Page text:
We do not have a heated greenhouse. The hoop house gives a little advance on the season and a nice working environment on sunny days, but nights are still pretty cold. We are grateful for small indications of spring. Last year, spring was so dismal through April, even tiny Arctic flowers such as the little yellow Drabas seem impressive to us now.
I saw this lovely little alpine Jacob’s Ladder from the Rocky Mountains in the Alpine Garden of the Montreal Botanical Garden and was happy to acquire some seed from the Ontario Rock Garden Society Seed Exchange. I now have three in our Rock Garden – they seem to have come through the winter – and three in the hoop house. They are not that easy to keep in pots through the summer as they don’t want to be too wet but you mustn’t let them get too dry either. I lost a few last August. They seem sturdier once they are planted into a well-drained site in the rock garden. I am going to build up stock of this little charmer and will probably be able to offer it for sale August of 2021.
Our Shooting Stars are looking great this year. I’ll post lots more pictures when they are in full glorious bloom. This species goes dormant by August. I hope you won’t forget about them ’cause we may not be able to deliver to Ottawa until some time in the summer.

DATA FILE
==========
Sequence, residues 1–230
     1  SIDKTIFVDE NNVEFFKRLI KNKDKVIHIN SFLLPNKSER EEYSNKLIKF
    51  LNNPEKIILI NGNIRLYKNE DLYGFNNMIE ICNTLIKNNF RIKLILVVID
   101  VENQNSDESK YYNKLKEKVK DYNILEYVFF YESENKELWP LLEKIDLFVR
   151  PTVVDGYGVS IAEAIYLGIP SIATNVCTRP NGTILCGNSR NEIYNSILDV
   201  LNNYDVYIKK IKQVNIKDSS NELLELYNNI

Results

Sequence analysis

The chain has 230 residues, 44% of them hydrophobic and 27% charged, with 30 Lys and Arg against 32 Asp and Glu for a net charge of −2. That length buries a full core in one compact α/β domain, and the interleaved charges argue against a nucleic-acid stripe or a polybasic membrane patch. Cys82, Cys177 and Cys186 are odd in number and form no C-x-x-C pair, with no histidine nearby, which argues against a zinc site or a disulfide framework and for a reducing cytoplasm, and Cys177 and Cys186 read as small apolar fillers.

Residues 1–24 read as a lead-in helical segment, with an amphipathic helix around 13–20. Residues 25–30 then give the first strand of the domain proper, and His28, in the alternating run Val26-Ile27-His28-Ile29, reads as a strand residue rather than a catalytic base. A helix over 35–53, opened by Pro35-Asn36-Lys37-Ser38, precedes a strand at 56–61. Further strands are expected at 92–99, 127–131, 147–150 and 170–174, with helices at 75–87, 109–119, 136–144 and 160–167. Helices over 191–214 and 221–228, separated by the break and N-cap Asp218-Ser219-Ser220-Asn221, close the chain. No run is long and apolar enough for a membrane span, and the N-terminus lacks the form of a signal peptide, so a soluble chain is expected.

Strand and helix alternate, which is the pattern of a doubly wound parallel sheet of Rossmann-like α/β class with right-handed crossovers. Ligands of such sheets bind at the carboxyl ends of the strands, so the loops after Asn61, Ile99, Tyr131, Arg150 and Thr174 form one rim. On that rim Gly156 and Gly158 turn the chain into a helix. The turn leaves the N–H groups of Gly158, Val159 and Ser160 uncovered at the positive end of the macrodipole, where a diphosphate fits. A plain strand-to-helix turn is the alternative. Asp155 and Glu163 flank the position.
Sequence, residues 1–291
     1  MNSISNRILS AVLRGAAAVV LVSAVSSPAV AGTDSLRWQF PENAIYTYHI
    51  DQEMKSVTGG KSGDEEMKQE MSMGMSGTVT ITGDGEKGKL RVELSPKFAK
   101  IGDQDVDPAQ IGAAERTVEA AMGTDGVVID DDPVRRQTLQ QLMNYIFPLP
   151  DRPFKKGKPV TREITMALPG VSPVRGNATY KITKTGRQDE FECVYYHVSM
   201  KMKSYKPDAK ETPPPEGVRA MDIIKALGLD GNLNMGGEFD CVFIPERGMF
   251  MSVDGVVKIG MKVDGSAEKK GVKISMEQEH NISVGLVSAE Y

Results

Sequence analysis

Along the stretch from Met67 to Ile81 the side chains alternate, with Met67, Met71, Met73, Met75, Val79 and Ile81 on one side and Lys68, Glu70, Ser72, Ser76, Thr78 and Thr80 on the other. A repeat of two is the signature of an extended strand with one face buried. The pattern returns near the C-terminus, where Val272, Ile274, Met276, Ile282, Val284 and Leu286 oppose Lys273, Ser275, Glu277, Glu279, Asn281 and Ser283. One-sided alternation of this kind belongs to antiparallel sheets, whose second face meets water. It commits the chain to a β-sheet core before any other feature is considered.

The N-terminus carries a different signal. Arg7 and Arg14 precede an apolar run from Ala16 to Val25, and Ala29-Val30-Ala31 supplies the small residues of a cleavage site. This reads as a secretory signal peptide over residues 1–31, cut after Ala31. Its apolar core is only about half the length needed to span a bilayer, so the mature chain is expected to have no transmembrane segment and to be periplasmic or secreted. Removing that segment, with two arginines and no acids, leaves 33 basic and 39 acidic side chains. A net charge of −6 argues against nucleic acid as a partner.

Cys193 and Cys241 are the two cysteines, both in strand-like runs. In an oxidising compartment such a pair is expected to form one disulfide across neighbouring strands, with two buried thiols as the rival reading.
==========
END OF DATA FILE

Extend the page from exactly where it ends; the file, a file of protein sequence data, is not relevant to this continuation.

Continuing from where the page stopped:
Horticultural business are going to be allowed to re-open in Quebec as of April 15th. Whoop! We are cautiously optimistic that we will be able to deliver pre-orders to customers in Ontario and to Chelsea and Aylmer.
I had been frantically trying to scale up the web site and create a pre-order pick-up system when the provincial border shut down drew an abrupt halt to all that. Then the inter-regional travel restriction disallowed even folks in Chelsea or Breckenridge from coming to the farm to pick-up an order in our drive-way. So this decision by the Quebec government is welcome news indeed!
We still are not quite open as much of our stock is still emerging but (fingers crossed) you can start planning your orders now. Our plants are looking great this year — early spring flowers are already budding nicely — and I will keep on posting pictures and availability lists. We are looking at the first week in May for our first run into Ontario for your pre-order/pick-ups.